George Haldane

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George Haldane was born in 1722 to the Clan Haldane. His father Patrick Haldane was a lawyer and politician, and his uncle Mungo Haldane was also a politician.[1]

He joined the British military at the age of 17 and quickly rose to the rank of brigadier general after leading a series of successful military campaigns as a junior officer. He also served as Governor of Jamaica from 1756 until his death on 26 July 1759 at the age of 37.[2]

Brigadier-General George Haldane fought in the Battle of Fontenoy in 1743, where he was wounded. He fought in the Battle of Dettingen in 1743 and he also fought in the 1745 Uprising against the Jacobites. He gained the rank of brigadier general in the service of the 3rd Guards, and fought in the Battle of Leffelt in 1747. His final service was in the Battle of Roucoux in 1747.[3] After resigning his military command, Haldane held the office of Member of Parliament (M.P.) for Stirling Burghs between 1747 and 1756.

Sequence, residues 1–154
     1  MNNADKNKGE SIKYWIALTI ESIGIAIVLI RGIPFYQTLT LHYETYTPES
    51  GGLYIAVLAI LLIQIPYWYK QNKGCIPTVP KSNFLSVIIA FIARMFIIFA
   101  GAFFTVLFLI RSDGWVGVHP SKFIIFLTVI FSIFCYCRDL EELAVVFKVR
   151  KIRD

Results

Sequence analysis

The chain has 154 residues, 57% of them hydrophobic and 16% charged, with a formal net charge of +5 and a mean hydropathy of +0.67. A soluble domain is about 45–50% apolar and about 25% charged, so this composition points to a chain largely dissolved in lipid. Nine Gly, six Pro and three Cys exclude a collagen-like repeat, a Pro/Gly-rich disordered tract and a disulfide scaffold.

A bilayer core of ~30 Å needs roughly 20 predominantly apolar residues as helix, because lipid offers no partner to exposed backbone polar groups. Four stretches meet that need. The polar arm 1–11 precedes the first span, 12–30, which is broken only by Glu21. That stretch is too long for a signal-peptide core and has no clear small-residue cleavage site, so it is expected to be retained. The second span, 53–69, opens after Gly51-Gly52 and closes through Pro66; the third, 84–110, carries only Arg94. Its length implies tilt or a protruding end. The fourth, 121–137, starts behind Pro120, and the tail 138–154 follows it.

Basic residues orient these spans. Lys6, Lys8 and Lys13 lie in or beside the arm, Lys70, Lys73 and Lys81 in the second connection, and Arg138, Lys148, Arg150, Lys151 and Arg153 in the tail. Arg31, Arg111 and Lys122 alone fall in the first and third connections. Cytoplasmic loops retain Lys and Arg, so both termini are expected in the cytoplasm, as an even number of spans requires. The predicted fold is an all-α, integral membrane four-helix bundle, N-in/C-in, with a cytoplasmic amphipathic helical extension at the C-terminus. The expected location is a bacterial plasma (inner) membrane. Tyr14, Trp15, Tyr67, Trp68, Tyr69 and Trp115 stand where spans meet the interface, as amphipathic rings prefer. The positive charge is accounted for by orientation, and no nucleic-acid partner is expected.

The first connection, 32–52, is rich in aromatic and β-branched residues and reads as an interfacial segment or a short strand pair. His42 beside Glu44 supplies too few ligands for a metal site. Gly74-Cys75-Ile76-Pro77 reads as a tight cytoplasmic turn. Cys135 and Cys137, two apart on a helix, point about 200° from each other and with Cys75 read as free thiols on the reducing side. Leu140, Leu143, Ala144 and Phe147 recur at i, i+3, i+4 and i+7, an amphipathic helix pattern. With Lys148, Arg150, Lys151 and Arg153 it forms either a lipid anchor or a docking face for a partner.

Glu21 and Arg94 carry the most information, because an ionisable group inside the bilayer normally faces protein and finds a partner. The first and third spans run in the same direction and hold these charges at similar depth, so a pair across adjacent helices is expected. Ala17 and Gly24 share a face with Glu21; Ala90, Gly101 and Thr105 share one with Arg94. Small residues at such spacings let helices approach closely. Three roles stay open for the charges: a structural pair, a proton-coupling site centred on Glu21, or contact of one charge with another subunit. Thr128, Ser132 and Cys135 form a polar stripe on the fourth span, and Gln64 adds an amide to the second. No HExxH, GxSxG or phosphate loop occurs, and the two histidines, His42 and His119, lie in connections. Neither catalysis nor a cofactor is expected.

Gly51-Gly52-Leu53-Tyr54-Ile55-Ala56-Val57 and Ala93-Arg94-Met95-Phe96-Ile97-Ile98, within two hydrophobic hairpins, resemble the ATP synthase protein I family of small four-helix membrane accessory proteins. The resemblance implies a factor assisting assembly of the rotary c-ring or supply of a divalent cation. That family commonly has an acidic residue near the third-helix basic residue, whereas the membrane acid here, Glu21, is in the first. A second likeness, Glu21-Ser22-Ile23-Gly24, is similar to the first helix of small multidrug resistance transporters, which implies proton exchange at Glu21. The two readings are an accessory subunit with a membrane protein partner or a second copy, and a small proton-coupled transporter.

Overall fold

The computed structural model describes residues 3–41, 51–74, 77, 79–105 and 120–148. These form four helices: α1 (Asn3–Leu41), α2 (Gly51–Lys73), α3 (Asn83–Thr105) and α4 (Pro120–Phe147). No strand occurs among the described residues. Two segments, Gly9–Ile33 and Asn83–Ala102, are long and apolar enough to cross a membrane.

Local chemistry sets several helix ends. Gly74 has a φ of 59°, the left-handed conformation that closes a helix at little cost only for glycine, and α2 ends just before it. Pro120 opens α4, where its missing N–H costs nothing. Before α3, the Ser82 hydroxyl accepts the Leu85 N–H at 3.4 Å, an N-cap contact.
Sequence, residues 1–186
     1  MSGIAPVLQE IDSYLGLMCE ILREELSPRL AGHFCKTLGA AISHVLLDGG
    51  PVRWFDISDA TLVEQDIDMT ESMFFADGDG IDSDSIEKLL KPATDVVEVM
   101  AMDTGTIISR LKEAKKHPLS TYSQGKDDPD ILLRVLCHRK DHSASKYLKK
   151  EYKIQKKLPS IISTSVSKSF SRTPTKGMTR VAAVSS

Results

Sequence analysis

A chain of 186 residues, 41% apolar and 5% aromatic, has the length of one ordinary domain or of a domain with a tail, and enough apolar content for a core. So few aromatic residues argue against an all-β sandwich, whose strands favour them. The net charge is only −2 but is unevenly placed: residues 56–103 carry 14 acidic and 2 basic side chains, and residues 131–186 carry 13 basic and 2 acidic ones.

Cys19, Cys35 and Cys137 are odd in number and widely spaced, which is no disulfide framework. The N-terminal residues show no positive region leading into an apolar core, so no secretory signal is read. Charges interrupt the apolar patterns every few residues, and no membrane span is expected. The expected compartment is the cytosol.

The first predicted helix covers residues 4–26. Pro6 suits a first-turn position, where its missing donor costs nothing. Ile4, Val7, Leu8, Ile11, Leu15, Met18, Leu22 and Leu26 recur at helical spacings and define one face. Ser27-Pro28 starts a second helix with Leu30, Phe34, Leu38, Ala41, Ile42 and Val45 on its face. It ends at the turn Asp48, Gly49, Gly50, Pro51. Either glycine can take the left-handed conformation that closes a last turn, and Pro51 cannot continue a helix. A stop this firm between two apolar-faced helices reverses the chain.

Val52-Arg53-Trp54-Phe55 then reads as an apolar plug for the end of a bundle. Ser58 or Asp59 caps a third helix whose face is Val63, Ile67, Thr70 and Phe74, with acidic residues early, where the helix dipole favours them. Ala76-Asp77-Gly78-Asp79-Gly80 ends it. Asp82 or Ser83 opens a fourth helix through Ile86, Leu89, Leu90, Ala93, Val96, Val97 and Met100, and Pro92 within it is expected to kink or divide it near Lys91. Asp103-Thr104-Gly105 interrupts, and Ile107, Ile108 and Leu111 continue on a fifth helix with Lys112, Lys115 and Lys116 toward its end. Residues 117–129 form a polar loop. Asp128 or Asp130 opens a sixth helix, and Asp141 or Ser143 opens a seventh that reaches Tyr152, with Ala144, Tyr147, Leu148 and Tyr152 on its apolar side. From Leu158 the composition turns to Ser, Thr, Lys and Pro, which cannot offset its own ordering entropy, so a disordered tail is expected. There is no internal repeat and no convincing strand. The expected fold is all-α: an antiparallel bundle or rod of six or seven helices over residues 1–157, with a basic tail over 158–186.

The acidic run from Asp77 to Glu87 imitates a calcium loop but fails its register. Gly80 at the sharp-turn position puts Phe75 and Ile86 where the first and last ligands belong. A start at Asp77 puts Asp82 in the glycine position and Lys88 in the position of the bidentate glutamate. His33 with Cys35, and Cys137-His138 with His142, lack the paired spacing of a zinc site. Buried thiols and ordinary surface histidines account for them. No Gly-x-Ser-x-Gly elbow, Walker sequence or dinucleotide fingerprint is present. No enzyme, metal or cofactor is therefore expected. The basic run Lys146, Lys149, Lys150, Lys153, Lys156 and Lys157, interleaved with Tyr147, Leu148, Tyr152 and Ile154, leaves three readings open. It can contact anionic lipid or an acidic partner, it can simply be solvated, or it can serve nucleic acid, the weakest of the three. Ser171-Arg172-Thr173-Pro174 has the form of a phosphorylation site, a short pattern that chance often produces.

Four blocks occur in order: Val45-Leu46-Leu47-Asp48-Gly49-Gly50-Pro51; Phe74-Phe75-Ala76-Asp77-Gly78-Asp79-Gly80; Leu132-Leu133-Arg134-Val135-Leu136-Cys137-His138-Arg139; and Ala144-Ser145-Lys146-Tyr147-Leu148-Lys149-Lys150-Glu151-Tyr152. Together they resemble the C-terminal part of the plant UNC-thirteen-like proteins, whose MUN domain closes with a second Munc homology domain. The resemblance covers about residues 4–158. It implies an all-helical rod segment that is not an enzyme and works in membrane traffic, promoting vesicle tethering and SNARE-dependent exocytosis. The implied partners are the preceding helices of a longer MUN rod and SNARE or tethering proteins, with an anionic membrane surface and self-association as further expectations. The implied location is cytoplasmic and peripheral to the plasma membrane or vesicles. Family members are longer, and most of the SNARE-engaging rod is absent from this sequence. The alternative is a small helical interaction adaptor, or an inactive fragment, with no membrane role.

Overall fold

In 1756, at the age of 34, he was appointed to the office of Governor of Jamaica.[4] He was welcomed to the island in a poem, "An Ode to George Haldane," by Francis Williams, who went on to become one of Jamaica’s most famous early writers and scholars.[5]

In 1759, Fort Haldane was named in his honour and a statue erected in Port Maria, Jamaica.


  1. ^ Sedgwick, Romney R. (1970). R. Sedgwick, ed. HALDANE, Patrick (c.1683–1769), of Bearcrofts, Stirling. The History of Parliament: the House of Commons 1715–1754. Boydell and Brewer. Retrieved 26 December 2015.
  2. ^ [1] Historical reference
  3. ^ Military service
  4. ^ Appointment as Governor of Jamaica
  5. ^ William Francis Eulogy
Parliament of Great Britain
Preceded by
James Erskine, Lord Grange
Member of Parliament for Stirling Burghs
Succeeded by
Robert Haldane
Government offices
Preceded by
Henry Moore
Governor of Jamaica
Succeeded by
Henry Moore